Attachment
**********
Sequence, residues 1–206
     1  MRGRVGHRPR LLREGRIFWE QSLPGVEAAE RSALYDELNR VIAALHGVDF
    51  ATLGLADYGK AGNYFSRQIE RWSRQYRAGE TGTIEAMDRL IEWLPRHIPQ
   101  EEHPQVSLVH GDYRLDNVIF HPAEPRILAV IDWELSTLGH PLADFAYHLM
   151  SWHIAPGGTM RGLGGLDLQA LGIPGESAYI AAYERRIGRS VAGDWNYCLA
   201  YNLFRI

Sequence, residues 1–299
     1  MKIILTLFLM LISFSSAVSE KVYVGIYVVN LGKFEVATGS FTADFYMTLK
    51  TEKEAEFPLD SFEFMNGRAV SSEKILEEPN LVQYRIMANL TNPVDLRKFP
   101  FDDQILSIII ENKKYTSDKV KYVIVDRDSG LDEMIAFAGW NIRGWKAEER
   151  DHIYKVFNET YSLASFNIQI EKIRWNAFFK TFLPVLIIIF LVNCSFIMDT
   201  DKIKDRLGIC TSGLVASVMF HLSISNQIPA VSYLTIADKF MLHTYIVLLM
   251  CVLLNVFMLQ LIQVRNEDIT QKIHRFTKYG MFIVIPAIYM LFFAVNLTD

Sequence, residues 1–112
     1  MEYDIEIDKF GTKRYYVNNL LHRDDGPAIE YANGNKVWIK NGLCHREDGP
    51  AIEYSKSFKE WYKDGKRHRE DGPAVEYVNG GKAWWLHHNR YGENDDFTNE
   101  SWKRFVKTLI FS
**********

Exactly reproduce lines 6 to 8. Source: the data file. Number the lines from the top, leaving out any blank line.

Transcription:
   201  YNLFRI

Sequence, residues 1–299
     1  MKIILTLFLM LISFSSAVSE KVYVGIYVVN LGKFEVATGS FTADFYMTLK